However, I can’t help but wonder if we wouldn’t be better off if when trying to make our lives better, we start with the concept of polite.  Yes, of course the ‘please’ and ‘thank you’, but are we incapable of going even deeper?  Can we get down to the nitty-gritty of consideration and courtesy to others?  In stopping and thinking about others first, at least some of the time, would we not create a better version of ourselves?  We are so consumed with the idea that we have to do what’s right for ourselves that we forget that everyone else is a ‘me’ too.  Others are about the business of pursuing their own happiness and our actions should, at the very least, do no harm to their pursuit.

I know, I know, these are BIG concepts that can’t be implemented overnight!  So, in the meantime, while we all wait for a radical wake-up call to change our behaviors so that we become a little more aware that there are others around us to whom we should treat with courtesy and consideration; why don’t we just start with the same basics that my husband and I did with our daughter?  So, excuse me, but please, give it some thought.  Thank you for taking time out of your day to read this.  Have a nice day.  Oh, and, you’re welcome!

~Mari B.


  1. Will you give me three guesses on who? Or -- do I need three? ;)

    1. No, Sherrie, it was a stranger with whom I had this encounter!

  2. Ye gods... I would like to hope his mother would be mortified at his behaviour. But somehow, I rather doubt it.

  3. I cannot - or don't want to - believe a 6th grade would be capable of this level of rude.

    - Jessica

  4. I can understand completely where you are coming from! You should see the shocked faces when my boys INSIST on holding a door open for someone, and they do not even say thank you...or I will get a comment like "Wow!". They have been taught manners and etiquette...they will open my car door for me, and close it (even when I am driving) They learned that from their Dad...
    There are too many kids to count who talk to adults as if they are equals..now, I agree that kids are people too, and they have a right to voice their opinions, but most of these kids have yet to learn the polite way of saying things, or have not developed a filter yet. If I wouldn't allow an adult to talk to me that way, why would I let a child do it?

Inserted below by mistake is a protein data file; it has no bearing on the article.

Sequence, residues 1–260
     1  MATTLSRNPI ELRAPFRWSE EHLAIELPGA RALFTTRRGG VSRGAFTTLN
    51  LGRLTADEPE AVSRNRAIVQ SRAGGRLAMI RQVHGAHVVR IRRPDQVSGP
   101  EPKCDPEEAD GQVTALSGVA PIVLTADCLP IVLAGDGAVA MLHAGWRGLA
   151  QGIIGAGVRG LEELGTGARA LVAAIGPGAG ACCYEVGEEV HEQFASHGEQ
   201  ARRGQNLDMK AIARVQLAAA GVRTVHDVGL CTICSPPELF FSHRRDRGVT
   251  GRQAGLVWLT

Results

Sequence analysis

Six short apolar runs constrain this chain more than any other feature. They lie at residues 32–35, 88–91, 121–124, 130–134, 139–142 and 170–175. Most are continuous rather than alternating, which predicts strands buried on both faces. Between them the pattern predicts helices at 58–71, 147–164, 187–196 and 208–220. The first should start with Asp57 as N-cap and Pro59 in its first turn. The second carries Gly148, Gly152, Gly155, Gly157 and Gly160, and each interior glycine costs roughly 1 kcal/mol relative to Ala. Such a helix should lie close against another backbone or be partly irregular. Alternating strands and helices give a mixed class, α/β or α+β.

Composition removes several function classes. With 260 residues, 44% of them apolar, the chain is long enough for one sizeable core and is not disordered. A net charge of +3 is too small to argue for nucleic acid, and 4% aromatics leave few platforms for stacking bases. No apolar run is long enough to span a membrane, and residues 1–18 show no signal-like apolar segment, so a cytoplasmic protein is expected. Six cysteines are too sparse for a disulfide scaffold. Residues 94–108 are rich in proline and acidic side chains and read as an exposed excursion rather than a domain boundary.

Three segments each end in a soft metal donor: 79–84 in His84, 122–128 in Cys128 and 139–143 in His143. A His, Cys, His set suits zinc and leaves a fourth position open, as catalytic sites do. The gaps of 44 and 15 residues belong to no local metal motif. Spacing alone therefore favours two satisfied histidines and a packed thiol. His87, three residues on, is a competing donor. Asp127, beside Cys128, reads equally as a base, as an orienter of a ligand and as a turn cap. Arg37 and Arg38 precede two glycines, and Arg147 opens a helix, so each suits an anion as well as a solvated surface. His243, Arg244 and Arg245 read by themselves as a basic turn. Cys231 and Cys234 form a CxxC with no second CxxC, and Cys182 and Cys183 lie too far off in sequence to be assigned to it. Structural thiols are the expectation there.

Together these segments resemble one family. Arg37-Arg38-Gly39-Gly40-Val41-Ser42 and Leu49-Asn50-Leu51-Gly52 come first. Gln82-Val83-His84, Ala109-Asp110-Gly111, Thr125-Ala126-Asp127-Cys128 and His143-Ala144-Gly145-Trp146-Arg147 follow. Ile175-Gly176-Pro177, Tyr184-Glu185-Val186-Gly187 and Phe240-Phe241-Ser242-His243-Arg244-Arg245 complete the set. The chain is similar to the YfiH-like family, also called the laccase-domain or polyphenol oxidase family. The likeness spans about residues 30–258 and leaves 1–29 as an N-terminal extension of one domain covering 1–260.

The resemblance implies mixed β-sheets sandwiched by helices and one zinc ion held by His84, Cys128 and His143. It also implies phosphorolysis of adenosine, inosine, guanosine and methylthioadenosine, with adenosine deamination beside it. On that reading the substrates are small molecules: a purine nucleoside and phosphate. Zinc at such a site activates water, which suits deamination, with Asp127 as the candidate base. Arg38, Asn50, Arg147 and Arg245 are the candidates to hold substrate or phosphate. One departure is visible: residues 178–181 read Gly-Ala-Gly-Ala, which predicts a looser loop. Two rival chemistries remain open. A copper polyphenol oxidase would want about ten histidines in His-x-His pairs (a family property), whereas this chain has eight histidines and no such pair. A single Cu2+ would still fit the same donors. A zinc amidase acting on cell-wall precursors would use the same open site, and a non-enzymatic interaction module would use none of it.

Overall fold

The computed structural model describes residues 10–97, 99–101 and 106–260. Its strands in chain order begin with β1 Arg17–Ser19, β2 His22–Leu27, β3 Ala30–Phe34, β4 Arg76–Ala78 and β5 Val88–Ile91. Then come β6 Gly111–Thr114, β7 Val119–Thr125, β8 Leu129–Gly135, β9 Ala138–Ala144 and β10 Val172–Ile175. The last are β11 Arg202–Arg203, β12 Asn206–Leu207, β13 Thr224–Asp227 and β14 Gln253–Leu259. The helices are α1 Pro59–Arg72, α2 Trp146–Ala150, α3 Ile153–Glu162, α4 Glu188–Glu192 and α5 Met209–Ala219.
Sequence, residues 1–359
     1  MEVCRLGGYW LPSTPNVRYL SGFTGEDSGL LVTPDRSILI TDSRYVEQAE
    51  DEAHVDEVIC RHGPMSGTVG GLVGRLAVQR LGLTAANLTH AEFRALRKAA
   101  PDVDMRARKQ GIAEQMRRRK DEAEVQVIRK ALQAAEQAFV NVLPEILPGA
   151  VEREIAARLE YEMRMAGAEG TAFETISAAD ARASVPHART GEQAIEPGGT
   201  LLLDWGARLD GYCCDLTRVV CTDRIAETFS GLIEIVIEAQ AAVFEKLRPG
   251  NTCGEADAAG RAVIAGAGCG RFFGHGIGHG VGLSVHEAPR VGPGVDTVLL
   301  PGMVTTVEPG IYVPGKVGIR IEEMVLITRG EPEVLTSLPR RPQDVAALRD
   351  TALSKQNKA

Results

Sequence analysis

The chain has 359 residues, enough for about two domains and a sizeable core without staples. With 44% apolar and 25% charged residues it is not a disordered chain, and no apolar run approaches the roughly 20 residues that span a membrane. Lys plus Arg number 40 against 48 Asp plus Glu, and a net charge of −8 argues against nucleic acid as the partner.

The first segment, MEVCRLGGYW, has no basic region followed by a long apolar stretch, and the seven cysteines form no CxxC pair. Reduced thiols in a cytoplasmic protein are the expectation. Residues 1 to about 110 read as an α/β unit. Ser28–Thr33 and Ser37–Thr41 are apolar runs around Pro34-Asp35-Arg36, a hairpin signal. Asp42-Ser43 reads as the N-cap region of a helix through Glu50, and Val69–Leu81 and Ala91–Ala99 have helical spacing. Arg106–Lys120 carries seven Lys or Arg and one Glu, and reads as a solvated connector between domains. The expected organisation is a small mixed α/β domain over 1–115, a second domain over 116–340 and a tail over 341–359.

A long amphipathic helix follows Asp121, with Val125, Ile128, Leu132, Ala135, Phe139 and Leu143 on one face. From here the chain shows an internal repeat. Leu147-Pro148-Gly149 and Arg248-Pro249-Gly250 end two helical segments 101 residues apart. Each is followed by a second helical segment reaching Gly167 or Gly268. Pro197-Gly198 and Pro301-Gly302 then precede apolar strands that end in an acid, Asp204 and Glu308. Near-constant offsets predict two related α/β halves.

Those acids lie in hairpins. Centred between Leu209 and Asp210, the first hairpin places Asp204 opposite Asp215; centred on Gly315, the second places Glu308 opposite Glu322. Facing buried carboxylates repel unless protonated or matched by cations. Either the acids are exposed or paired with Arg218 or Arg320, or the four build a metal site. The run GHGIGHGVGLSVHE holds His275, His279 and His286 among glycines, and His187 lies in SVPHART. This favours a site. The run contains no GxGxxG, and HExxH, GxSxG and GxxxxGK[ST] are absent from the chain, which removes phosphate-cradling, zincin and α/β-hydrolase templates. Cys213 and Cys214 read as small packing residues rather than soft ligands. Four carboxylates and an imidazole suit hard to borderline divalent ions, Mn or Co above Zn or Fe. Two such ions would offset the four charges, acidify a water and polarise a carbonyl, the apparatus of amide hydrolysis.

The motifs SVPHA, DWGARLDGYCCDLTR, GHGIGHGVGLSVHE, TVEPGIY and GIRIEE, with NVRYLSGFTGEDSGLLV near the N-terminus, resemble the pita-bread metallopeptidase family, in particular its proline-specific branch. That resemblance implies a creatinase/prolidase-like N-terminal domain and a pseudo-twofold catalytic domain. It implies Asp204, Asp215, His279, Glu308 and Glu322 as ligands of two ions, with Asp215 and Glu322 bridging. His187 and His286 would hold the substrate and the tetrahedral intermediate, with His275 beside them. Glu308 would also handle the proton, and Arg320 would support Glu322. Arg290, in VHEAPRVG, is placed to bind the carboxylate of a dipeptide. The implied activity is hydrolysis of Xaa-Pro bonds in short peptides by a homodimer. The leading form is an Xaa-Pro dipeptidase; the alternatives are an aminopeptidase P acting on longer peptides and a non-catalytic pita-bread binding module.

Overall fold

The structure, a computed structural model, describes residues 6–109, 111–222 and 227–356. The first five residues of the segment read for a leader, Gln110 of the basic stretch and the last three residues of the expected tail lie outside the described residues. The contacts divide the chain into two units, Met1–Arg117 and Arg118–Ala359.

My real question is: What happened to the stereotype of southern people being the most polite Americans? I have yet to see it.

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  6. Kitty - I think you hit the nail on the head, for the most part, about how kids think they are equal to adults. I, too, believe that kids deserve a voice and respect - but you aren't my peer! I've run into the situation here in the Deep South where children do not call you by your last name. So I am not Mrs. So and So here. No, I'm Miss Mari. I hate that. I know it's a custom, but too many times kids drop the 'Miss' and just call me by my first name. I ask them once, nicely, to please not do that. If it happens again I politely tell them, "You are not my peer nor my equal. Do not call me by my first name." People think I'm a (bleep)itch for doing so.....but I think it feeds into what you were saying.

  7. You know, I've lived all over the country and some places are worse than others. I think the most rude people in general have been when I lived near Seattle...oy vey. We had tons of problems there in general with rude kids AND moms and just generally things out in public. Worse than Los Angeles, I swear. Anyway, we live in a small town now in eastern WA and these are the most polite people of anywhere I've lived including the midwest prairie towns. I'm always astonished at the young men who hold doors for me and say please and thank you, etc. It's so refreshing. In fact, for the year and a half we've been here I've never had a single rudeness incident with any kid, or even adult. Maybe I've just been lucky, who knows! But it's refreshing for sure.